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Tetrazene



Not to be confused with tetrazine or tetracene.


Tetrazene

1(5-tetrazolyl)-4-guanyl tetrazene hydrate
IUPAC name
Chemical formula C2H6N10·H2O
Molar mass 188.15 g/mol
Shock sensitivity High
Friction sensitivity High
Density 0.45 g/cm3
Explosive velocity ~4000 m/s
RE factor  ?
Melting point Decomposes at 160 °C
Autoignition temperature N/A
Appearance pale yellow/colorless crystal plates
CAS number 31330-63-9
PubChem 3035399
SMILES N=C(N)N(N)/N=N/C1=NNN=N1

  Tetrazene is the hypothetical chemical compound N4H4.


Additional recommended knowledge

The name tetrazene is used in the nomenclature of formal derivatives of this hypothetical compound. One such derivative is 1(5-tetrazolyl)-4-guanyl tetrazene hydrate. Because it is the most important tetrazene, it is commonly known as simply tetrazene. It is an explosive material, used for sensitization of the priming compositions. It is slightly more impact-sensitive than mercury fulminate. When pressed enough, its sensitivity is reduced or destroyed; it also decomposes in boiling water. In contact with fire it readily explodes, producing large amount of black smoke. It is prepared by reacting sodium nitrite with an aminoguanidine salt dissolved in acetic acid at 30–40 °C.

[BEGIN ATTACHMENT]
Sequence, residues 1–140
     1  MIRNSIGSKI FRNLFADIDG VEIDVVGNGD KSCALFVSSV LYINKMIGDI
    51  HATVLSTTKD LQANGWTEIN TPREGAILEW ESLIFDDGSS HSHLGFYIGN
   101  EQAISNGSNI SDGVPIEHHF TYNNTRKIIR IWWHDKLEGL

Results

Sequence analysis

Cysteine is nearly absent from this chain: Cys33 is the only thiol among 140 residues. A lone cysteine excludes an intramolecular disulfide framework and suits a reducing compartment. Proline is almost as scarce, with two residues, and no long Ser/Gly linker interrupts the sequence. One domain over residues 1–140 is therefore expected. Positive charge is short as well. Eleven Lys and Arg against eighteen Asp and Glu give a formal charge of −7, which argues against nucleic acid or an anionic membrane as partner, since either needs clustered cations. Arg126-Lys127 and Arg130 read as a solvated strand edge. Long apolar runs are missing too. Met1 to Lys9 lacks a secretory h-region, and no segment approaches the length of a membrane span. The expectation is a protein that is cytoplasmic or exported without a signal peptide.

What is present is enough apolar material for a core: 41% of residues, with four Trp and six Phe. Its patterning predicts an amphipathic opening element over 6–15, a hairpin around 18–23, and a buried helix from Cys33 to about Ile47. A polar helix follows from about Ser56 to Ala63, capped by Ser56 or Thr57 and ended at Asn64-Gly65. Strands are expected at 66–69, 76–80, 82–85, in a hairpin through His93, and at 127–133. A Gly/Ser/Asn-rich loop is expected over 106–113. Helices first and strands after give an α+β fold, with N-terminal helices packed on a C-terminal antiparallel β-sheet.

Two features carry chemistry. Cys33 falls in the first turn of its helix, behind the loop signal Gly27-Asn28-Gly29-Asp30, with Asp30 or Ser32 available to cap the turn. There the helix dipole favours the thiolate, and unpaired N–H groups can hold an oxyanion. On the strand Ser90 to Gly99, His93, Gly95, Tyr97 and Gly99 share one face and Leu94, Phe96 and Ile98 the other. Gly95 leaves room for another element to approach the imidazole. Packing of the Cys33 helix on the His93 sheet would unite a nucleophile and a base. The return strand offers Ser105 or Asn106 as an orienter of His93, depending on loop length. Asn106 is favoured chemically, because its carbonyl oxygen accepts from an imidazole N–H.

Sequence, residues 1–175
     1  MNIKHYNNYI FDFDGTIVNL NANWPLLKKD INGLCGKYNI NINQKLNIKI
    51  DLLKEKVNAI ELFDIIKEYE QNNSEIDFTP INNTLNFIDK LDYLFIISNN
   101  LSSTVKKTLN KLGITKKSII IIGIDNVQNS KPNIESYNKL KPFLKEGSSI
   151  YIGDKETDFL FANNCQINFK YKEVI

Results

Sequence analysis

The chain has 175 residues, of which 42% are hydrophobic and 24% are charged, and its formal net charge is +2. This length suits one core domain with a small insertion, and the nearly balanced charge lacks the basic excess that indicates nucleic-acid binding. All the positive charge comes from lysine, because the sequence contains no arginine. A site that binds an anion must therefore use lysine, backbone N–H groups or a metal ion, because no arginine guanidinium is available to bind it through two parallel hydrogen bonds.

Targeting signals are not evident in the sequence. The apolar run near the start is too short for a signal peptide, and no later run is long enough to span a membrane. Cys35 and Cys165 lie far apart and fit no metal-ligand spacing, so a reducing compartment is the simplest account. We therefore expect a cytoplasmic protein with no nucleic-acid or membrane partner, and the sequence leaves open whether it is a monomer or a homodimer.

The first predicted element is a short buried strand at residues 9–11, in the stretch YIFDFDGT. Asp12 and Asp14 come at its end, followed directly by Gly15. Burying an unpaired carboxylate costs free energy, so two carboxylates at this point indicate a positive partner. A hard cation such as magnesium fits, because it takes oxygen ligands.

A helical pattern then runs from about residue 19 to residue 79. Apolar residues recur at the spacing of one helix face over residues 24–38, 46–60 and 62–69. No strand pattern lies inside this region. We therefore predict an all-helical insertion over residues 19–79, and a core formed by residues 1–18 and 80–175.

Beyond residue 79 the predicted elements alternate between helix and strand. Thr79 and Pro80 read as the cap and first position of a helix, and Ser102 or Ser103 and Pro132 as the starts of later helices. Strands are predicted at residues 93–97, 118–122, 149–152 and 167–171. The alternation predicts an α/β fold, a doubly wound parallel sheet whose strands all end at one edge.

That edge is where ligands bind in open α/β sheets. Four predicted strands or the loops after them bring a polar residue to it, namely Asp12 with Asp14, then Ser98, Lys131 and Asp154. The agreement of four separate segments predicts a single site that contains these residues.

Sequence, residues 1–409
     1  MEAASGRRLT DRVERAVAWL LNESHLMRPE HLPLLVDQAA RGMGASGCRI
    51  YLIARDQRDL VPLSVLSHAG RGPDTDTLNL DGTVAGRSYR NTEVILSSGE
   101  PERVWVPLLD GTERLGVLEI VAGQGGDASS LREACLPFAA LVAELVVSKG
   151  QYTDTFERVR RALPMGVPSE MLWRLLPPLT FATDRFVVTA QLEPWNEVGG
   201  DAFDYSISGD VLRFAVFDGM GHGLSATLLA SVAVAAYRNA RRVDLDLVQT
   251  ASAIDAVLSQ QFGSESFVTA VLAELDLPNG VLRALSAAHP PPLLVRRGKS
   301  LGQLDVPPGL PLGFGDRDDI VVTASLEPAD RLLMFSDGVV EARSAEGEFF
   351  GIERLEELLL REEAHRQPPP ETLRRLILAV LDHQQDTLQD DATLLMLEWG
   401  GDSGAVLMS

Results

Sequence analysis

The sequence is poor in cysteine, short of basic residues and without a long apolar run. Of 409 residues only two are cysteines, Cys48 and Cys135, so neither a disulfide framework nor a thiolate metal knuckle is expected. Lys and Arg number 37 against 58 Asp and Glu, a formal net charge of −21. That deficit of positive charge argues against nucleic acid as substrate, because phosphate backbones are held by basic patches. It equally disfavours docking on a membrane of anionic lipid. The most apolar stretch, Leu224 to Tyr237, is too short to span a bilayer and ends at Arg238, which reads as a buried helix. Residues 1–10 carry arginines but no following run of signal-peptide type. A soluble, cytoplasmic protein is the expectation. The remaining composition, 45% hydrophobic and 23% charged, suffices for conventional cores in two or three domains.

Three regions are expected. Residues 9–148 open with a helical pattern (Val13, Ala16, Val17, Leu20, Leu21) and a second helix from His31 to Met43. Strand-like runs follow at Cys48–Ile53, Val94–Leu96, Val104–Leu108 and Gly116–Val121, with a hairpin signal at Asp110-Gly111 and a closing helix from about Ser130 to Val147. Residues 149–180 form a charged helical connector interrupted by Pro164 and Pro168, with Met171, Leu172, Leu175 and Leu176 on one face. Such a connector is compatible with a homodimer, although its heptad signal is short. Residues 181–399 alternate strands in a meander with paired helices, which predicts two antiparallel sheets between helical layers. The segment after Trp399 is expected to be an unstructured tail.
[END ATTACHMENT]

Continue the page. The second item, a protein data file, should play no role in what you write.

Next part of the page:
This article is licensed under the GNU Free Documentation License. It uses material from the Wikipedia article "Tetrazene". A list of authors is available in Wikipedia.
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